It’s time for another round of name-that-browser.
You can comfortably ignore the blue box in the upper left hand corner. This was meant to be a dual-purpose screenshot, showing the mystery browser on the right, along with mplayer playing a conventional DVD rip in Musca on a 300Mhz Celeron. Unfortunately, for reasons unbeknownst to mortal man, I got a blue box there rather than an action shot from the movie, which defeated half the purpose.
But there are no tricks or gimmicks at work here, except to say that the browser is all of about 1.5Kb on disk, written in python and has webkit as its core. No toolbars, controls, address bar or menus, save the right-click menu that appears with some very primitive options in it.
And the answer is … I don’t know.
The name, however, remains a mystery to me. Perhaps it’s a well-known python exercise, or just a sample code snippet. In any case, you’re looking at it in Arch, with nothing more than gtk2 and the pywebkitgtk package from community installed. It’ll get 100/100 on the Acid3 test, renders images and fonts precisely and beautifully, and as you can see in that picture, can run at 300Mhz alongside Xorg, mplayer, alsaequal, alsamixer and Musca … and everything is hovering around 64Mb of memory total. Impressive.
But what’s the use in that? What good is a control-less browser window that needs to be fed a URL from the command line, a la
python browser.py http://kmandla.wordress.com ?
Well, if you’re one of those half-and-half tiling desktop users who prefers a console-only arrangement against X (like Awesome or xmonad or dwm) it should be fairly obvious. Here’s a worthy replacement for heavyweight graphical browsers that won’t encumber a running system and still give you a graphical page display.
So if you’re torn between elinks and Firefox, this might serve as a decent middle-ground. It’s guiltless: None of the lard that comes with Firefox, and yet you still get accurate and faithful page displays.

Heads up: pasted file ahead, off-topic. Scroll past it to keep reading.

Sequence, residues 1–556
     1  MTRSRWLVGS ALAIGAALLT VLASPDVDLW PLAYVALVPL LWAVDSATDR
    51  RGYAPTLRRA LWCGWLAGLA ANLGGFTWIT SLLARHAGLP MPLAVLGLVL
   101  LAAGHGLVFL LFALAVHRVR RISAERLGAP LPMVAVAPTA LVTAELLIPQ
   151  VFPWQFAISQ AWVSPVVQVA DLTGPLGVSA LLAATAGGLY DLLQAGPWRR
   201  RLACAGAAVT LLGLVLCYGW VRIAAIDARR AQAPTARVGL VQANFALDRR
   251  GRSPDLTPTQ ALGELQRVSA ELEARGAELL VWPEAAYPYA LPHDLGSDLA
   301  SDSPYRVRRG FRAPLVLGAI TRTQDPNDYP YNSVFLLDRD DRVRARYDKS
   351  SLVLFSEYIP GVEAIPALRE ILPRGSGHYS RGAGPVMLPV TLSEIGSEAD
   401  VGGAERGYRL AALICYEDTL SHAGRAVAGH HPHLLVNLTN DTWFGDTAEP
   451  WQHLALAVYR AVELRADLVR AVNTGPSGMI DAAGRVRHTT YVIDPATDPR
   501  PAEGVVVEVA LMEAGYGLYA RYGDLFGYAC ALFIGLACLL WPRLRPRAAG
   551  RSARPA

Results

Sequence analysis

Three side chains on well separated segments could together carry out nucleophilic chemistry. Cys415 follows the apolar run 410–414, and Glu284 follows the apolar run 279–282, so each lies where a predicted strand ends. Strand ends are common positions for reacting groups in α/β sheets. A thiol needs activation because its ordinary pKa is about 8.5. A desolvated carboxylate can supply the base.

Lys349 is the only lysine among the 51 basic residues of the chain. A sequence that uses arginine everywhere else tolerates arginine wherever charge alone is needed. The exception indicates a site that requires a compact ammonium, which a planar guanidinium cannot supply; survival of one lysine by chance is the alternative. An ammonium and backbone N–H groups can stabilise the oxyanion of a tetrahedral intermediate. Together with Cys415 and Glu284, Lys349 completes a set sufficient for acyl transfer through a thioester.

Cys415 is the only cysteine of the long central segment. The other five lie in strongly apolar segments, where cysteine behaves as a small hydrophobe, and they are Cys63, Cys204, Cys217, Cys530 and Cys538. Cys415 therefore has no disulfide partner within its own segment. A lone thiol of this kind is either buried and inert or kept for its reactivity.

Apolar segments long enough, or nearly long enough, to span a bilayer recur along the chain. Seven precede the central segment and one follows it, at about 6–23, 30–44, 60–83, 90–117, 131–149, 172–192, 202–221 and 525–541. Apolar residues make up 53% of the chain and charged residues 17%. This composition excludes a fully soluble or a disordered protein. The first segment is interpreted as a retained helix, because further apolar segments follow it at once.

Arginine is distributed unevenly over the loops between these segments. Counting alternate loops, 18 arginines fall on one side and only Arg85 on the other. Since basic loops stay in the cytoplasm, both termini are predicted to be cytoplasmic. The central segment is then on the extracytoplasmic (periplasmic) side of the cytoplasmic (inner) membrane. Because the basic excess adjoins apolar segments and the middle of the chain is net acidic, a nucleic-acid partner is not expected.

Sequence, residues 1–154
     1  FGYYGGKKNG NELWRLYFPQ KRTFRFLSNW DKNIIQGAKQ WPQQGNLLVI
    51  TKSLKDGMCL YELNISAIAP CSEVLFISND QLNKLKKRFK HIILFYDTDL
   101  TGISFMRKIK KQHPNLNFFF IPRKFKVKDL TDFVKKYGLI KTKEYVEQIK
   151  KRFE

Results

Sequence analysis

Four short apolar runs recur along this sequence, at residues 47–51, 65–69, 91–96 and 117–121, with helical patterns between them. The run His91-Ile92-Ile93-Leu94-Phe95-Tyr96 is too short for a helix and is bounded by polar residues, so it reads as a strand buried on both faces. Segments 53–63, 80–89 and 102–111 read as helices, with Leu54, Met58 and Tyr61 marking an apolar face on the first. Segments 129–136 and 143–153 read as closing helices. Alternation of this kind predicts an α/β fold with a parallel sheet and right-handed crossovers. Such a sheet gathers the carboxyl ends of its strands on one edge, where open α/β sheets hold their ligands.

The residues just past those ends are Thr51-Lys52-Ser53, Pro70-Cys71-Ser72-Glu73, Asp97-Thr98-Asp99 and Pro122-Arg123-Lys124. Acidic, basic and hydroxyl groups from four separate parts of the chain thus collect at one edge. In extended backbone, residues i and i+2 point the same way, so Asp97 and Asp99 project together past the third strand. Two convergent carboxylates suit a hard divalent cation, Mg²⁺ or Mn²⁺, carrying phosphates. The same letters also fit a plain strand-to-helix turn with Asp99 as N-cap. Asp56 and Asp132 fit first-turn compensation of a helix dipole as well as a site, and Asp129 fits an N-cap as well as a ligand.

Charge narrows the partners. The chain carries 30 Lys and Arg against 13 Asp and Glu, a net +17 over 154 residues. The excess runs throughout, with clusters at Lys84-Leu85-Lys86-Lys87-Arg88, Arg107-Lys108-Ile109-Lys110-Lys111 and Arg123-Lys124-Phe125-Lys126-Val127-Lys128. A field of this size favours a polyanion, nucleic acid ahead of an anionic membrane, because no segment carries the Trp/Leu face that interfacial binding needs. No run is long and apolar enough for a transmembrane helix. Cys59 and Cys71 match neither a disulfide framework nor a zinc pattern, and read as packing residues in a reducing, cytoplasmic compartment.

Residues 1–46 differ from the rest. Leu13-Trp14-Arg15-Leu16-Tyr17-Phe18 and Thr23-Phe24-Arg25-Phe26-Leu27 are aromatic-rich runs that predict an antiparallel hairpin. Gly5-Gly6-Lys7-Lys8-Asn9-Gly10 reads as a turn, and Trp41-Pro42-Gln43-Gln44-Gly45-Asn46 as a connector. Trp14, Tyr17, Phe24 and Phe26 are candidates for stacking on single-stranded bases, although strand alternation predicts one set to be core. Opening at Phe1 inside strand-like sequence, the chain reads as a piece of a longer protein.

I could also see where this might be useful for page designers or web coders, who need something that can jack up a page quickly, then drop out of sight. Instant page view, so to speak. I’m sure there are other possibilities here that I haven’t thought of, that you could offer.
Now if only I knew the name. …
P.S.: Just for the record, because I have a feeling I’m going to be looking for the code in the future. …
#!/usr/bin/env python import sys import gtk import webkit DEFAULT_URL = 'http://www.google.com' # Change this as you Wish class SimpleBrowser: # needs GTK, Python, Webkit-GTK def __init__(self): self.window = gtk.Window(gtk.WINDOW_TOPLEVEL) self.window.set_position(gtk.WIN_POS_CENTER_ALWAYS) self.window.connect('delete_event', self.close_application) self.window.set_default_size(350, 20) vbox = gtk.VBox(spacing=5) vbox.set_border_width(5) self.txt_url = gtk.Entry() self.txt_url.connect('activate', self._txt_url_activate) self.scrolled_window = gtk.ScrolledWindow() self.webview = webkit.WebView() self.scrolled_window.add(self.webview) vbox.pack_start(self.scrolled_window, fill=True, expand=True) self.window.add(vbox) def _txt_url_activate(self, entry): self._load(entry.get_text()) def _load(self, url): self.webview.open(url) def open(self, url): self.txt_url.set_text(url) self.window.set_title('%s' % url) self._load(url) def show(self): self.window.show_all() def close_application(self, widget, event, data=None): gtk.main_quit() if __name__ == '__main__': if len(sys.argv) > 1: url = sys.argv else: url = DEFAULT_URL gtk.gdk.threads_init() browser = SimpleBrowser() browser.open(url) browser.show() gtk.main()
P.P.S.: The title of this post has a typo in it; that should say 1.5Kb, like it does everywhere else.